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Revelation Space Hardcover – June 1, 2001
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"Enlightenment Now: The Case for Reason, Science, Humanism, and Progress"
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Alastair Reynolds's first novel is "hard" SF on an epic scale, crammed with technological marvels and immensities. Its events take place over a relatively short period, but have roots a billion years old--when the Dawn War ravaged our galaxy.
Sylveste is the only man ever to return alive and sane from a Shroud, an enclave in space protected by awesome gravity-warping defenses: "a folding a billion times less severe should have required more energy than was stored in the entire rest-mass of the galaxy." Now an intuition he doesn't understand makes him explore the dead world Resurgam, whose birdlike natives long ago tripped some booby trap that made their own sun erupt in a deadly flare.
Meanwhile, the vast, decaying lightship Nostalgia for Infinity is coming for Sylveste, whose dead father (in AI simulation) could perhaps help the Captain, frozen near absolute zero yet still suffering monstrous transformation by nanotech plague. Most of Infinity's tiny crew have hidden agendas--Khouri the reluctant contract assassin believes she must kill Sylveste to save humanity--and there are two bodiless stowaways, one no longer human and one never human. Shocking truths emerge from bluff, betrayal, and ingenious lies.
The trail leads to a neutron star where an orbiting alien construct has defenses to challenge the Infinity's planet-wrecking superweapons.
At the heart of this artifact, the final revelations detonate--most satisfyingly. Dense with information and incident, this longish novel has no surplus fat and seems almost too short. A sparkling SF debut. --David Langford, Amazon.co.uk
From Publishers Weekly
This distant-past/far-future, hard sci-fi tour de force probes a galaxy-wide enigma: why does spacefaring humanity encounter so few remnants of intelligent life? Excavating the 900,000-year-old Amarantin civilization on its home world, Resurgam, archaeologist Dan Sylveste discovers evidence of a splinter cult that abandoned Resurgam for the stars but returned, only to be swallowed up by a mysterious cataclysm that destroyed all the Amarantins. Aboard the Nostalgia for Infinity, a vast light-hugger ship in interstellar space, the ominous Triumvirate of cyborg starfarers seeks Sylveste to heal its captain, afflicted by the deadly Melding Plague, which turns once-humans into their own semisentient spaceships. In Chasm City on the slum-ridden world of Yellowstone, assassin Ana Khouri joins the Nostalgia's crew intent on killing Sylveste. Clearly intoxicated by cutting-edge scientific research in bioengineering, space physics, cybernetics Reynolds spins a ravishingly inventive tale of intrigue. Hard SF addicts will applaud the author's talent for creating convincing alien beings and the often uneasy merging of human and machine intelligence, depicted here as nearly too frighteningly real for comfort. Others, however, may find these human-cybernetic hybrid characters chilling, dispassionate (except for their built-in drives toward revenge and murder) and foreboding. Reynolds's vision of a future dominated by artificial intelligence trembles with the ultimate cold of the dark between the stars.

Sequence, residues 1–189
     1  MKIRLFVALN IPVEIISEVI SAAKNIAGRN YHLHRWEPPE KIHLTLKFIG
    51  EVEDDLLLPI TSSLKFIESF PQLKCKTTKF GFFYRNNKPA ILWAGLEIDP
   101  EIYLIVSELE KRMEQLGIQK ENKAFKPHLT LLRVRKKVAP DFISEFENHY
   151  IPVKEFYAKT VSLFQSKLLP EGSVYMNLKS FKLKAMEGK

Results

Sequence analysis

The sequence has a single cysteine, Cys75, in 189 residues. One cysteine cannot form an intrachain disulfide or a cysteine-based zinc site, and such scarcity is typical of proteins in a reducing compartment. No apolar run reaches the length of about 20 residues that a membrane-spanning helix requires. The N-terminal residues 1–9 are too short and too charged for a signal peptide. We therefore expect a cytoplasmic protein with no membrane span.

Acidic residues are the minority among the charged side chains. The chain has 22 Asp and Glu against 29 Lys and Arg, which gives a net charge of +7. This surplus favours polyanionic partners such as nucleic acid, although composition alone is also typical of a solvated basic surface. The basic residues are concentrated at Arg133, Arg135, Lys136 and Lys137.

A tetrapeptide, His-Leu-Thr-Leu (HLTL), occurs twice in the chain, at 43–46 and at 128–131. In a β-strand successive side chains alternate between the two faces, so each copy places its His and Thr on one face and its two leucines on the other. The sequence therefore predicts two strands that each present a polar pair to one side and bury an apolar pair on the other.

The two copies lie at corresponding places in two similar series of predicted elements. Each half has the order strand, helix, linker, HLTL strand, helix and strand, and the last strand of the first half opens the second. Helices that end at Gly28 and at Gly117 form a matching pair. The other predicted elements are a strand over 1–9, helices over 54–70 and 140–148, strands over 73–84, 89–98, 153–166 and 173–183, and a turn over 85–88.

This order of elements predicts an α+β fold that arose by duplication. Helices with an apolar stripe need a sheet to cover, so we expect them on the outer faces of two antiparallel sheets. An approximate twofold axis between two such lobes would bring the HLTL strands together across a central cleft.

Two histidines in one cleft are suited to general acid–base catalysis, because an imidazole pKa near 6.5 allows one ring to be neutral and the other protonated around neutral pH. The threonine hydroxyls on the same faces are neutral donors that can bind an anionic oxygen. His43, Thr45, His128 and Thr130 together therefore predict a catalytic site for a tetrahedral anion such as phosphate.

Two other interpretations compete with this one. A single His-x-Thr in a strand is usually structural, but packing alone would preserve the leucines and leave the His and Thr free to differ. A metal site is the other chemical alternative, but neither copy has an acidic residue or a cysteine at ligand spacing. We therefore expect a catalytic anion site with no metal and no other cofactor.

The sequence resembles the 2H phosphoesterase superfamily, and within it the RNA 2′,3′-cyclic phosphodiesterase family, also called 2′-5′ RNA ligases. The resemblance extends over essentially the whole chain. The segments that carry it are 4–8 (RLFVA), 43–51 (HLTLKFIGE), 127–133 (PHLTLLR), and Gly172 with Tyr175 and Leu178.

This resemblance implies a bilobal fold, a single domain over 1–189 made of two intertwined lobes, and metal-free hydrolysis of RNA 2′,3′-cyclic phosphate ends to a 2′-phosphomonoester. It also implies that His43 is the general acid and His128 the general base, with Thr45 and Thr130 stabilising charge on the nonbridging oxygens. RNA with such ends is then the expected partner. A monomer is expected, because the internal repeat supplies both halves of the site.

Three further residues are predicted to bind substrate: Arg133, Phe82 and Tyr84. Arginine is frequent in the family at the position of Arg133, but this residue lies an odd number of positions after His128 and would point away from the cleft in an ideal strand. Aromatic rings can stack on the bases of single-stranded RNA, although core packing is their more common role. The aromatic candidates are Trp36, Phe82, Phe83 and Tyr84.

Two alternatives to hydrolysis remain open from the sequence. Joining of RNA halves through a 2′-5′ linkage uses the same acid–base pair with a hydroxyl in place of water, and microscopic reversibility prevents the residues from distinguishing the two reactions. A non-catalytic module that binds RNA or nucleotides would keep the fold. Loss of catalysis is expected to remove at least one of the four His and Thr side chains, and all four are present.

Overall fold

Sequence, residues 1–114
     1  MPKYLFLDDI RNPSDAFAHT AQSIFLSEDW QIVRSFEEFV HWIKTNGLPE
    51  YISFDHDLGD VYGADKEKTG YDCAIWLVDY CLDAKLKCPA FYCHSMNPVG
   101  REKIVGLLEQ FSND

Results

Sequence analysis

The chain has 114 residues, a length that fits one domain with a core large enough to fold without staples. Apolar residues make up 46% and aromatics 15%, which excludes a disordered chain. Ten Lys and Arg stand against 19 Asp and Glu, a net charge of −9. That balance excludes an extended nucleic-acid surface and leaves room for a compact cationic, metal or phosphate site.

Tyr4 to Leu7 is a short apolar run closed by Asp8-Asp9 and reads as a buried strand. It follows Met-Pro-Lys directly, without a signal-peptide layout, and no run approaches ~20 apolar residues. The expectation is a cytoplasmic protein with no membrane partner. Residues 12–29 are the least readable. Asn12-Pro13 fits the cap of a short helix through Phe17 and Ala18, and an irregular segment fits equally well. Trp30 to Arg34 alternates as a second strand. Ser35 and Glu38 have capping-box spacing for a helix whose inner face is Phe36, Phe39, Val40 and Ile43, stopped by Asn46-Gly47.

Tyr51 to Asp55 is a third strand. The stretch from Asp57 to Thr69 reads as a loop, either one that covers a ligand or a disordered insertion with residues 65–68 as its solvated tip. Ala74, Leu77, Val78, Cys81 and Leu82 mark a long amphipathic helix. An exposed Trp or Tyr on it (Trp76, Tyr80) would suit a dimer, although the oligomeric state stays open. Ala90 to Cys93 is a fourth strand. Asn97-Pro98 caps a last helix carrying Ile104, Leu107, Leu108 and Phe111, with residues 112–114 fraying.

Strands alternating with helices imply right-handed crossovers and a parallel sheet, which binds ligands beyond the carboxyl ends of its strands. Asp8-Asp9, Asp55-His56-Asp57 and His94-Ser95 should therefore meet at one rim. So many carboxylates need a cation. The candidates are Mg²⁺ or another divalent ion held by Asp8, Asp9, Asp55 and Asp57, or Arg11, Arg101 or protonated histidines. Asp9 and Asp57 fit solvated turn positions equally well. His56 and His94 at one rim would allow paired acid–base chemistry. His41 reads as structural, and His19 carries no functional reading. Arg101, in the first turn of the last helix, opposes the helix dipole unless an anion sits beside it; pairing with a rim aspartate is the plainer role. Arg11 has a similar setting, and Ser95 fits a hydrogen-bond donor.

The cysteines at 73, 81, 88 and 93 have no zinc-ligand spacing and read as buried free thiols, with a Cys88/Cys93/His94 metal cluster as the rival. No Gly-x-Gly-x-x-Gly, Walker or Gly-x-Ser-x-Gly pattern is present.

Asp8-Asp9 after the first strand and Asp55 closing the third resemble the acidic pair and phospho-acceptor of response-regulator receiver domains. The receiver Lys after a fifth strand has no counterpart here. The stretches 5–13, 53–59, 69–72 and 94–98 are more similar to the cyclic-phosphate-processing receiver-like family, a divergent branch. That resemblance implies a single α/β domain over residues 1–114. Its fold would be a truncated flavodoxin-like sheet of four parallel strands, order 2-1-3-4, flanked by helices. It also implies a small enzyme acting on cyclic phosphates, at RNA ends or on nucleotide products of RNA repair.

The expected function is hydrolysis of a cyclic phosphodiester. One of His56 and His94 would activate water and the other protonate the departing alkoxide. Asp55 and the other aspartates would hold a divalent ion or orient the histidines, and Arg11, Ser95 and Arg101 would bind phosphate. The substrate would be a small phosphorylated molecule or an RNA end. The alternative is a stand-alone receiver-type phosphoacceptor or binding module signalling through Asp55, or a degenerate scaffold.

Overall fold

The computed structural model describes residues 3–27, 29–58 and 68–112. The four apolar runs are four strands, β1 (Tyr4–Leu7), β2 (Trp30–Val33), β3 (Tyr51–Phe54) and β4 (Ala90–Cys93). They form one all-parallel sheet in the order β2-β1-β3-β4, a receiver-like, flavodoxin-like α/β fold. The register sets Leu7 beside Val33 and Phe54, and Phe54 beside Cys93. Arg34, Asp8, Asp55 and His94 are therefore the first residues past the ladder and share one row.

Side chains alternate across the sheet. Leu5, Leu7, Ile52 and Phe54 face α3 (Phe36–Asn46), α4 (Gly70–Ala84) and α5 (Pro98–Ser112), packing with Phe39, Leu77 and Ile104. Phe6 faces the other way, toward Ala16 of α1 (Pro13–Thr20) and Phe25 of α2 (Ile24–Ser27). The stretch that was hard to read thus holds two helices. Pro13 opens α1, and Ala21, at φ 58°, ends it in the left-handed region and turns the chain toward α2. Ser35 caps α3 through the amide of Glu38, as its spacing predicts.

Copyright 2001 Cahners Business Information, Inc.
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My biggest gripe with the book - at least, with the Kindle version I have - is that it is absolutely riddled with typos. I proofread my text messages more thoroughly than this book's editor apparently did. Misspelled words, out of place punctuation, or even the wrong word entirely; you name a possible error, odds are good you'll find it in this book. Still, I did not factor this into my rating, because a good story is still a good story. No, the reason I'm giving Revelation Space four stars rather than five, is that, at its core, it is a relatively straightforward action-adventure, and I feel the need to save a full five-star rating for those books which truly blow my mind. Again, this was a great read, and I'd recommend it to others in a heartbeat, but it wasn't the sort of book that one must spend days or weeks digesting, whose implications one feels in one's day-to-day life, whose concepts advance the genre of science fiction. It was simply a fun and compelling read. Ignore the typos and pick it up today if that sounds like your kind of thing!